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What are the rules on racehorses being slaughtered?

Is it illegal to send off a former racehorse for slaughter? How are horses tracked once their track career is over? And what other racehorse welfare issues are still in the spotlight?

OCTOBER 30, 2020

In the midst of another spring racing carnival, Australia will stop to watch a Melbourne Cup like none before it. There will be no crowds at Flemington, almost no atmosphere and there is little chance we will see another Cup like it. But, however strange the COVID-affected carnival will be, the horseracing industry is still grappling with a familiar problem: how to manage the aftercare of horses when their racing days are finished.

But is it possible to know where every racehorse is sent when their track career is done? What are the other racehorse welfare issues in the spotlight? And how did the horse racing industry react after last year's ABC exposé, which alleged thousands of ex-racehorses were being killed at abattoirs and knackeries?

How many racehorses are bred each year?

According to AgriFutures Australia, the country's thoroughbred breeding industry is worth $1.16 billion per annum to the Australian economy. Punters splurged $21 billion on thoroughbred races in the 2017-18 season.

In the same period, Racing Australia reported 12,898 live foals were registered with the official record-keeper, nearly half of these born in NSW. The number has been steady for the past four years but a far cry from the almost 18,000 foals registered in 2008-09.

A gradual reduction in the size of the breeding industry is not just reflected in the number of thoroughbreds being foaled each year, but the stallions (breeding males) and broodmares (breeding females) used to keep the industry ticking. In 2017-18, there were 609 registered stallions in Australia (down from 891 in 2008-09) and 19,915 broodmares (down from almost 30,000 in 2008-09).

Not every horse born will make it to the racetrack. In fact, a lot won't ever head to the gates for an official race start. Determining how many horses don't make it to the racetrack each year is not easy.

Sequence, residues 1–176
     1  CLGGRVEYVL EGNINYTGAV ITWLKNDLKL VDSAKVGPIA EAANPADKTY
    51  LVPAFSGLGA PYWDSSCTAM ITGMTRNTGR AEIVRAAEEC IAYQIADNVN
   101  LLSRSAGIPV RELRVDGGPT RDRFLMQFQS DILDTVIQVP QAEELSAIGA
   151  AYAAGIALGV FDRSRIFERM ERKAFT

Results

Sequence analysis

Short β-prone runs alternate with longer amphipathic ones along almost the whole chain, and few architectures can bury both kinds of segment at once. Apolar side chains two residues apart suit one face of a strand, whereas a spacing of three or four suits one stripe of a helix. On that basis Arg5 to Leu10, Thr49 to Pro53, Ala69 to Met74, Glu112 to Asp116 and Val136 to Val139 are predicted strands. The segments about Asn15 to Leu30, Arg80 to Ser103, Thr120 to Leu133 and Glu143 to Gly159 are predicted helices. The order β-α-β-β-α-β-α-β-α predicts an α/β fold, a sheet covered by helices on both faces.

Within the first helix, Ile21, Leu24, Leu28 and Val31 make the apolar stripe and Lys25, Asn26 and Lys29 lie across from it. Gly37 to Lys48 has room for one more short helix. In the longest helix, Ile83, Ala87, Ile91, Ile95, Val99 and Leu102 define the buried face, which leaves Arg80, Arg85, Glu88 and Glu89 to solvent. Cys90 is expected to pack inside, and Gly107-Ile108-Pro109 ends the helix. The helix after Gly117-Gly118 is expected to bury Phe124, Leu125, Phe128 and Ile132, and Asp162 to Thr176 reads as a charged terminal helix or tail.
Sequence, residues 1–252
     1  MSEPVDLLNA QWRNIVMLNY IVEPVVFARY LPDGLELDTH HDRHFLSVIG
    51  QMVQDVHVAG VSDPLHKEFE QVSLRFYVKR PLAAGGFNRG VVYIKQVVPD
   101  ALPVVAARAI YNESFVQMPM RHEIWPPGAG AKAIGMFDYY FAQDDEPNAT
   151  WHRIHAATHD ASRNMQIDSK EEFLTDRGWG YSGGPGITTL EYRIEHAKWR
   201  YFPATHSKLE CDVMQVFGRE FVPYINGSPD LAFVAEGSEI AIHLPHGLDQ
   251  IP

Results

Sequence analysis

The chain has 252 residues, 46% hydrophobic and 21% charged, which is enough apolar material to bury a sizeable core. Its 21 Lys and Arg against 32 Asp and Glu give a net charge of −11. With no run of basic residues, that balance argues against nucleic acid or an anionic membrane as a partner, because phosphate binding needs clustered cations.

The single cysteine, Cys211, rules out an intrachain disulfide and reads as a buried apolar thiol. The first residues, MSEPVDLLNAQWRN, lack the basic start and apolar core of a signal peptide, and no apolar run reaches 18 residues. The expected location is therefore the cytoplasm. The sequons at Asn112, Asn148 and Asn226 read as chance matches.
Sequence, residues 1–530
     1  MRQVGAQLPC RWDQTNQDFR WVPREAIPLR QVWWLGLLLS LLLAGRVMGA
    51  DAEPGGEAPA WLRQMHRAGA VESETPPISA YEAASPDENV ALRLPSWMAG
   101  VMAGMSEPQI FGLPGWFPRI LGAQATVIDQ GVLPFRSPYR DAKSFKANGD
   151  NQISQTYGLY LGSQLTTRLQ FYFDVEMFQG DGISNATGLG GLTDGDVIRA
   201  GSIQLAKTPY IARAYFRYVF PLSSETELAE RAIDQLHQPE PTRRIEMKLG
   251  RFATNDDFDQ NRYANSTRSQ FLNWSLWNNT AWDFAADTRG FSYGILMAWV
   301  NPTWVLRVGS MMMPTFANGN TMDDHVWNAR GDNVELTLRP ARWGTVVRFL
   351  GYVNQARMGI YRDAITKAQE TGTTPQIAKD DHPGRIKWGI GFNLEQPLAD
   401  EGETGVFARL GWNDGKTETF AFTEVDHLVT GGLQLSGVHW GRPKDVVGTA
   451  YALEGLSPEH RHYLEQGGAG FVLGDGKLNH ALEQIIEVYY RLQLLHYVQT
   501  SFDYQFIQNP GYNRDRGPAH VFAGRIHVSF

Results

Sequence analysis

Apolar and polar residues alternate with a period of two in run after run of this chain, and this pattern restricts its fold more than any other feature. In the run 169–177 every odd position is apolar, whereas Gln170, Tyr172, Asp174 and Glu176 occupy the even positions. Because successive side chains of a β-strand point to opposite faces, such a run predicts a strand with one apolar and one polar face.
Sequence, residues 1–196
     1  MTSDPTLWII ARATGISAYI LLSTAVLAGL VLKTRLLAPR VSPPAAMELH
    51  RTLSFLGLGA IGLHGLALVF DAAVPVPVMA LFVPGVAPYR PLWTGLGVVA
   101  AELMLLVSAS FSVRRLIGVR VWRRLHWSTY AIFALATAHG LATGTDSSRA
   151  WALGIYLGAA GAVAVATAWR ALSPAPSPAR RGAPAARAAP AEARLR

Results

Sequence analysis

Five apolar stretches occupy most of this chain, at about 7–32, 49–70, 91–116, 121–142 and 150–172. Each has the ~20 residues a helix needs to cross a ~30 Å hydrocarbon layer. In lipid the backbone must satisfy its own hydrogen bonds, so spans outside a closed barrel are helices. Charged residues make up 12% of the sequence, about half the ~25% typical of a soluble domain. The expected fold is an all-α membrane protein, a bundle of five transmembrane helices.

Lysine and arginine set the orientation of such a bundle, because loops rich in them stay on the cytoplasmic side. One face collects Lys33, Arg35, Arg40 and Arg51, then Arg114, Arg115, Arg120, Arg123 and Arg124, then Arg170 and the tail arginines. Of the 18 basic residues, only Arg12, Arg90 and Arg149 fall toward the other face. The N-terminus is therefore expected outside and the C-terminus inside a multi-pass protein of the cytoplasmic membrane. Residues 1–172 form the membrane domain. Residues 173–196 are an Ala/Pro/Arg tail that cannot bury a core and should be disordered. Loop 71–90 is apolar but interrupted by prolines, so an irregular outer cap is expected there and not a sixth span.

But even given the large number of foals born each breeding season, the country's racing industry has plenty of events to cater for them. Racing Australia says 35,196 horses were entered into either flat or jumps races throughout the country in 2017-18 (10,716 of which were in NSW).

What happens to racehorses when they retire?

Thoroughbreds can live for up to 30 years, so their racing careers are just a tiny fraction of their life cycle. On average, most will race for only two to three years and some will have only a handful of race-starts if they even make it to the track.

Most racehorses, regardless of whether they make it to the track, are "re-homed" for breeding, pleasure or equestrian purposes. The state-based authorities around Australia all have official equine welfare programs for the "re-training" of thoroughbreds, which transition them from racehorses housed in stables to aftercare.

Racing NSW has spent about $26 million on the purchase and upgrade of three properties in the state exclusively for the use of re-training and re-homing ex-racehorses, including Bart Cummings' old property Princes Farm in the Hawkesbury. It also has facilities at Capertee near Lithgow and another at Oxley Island, close to Taree.

An equine welfare fund is partially funded by 1 per cent of prize money for NSW races. Racing Victoria has a similar scheme.

In NSW, racehorses are "re-homed" and "re-trained" with a vast array of people from all spectrums of life – from retired veterans and prison inmates to equestrian and pony club riders – where their behaviour is modified from the cut and thrust of racing life.

But for all the credible transition programs, there is another route horses can take.


Those deemed to be "wastage" are taken to a knackery or abattoir and are killed for their meat, which is either used as pet food or is exported for human consumption.

Racing bodies dispute the figures stated by animal activists about how many racehorses end up being slaughtered. Animal welfare organisation the RSPCA claims about 9000 horses are slaughtered in abattoirs each year. How many are former racehorses? No one can be sure.

Racing officials claim that less than 1 per cent of retired horses in Australia are sent directly to slaughter, but with no comprehensive lifetime traceability system, it is almost impossible to provide an accurate figure. There have been few detailed studies tracking a foal crop.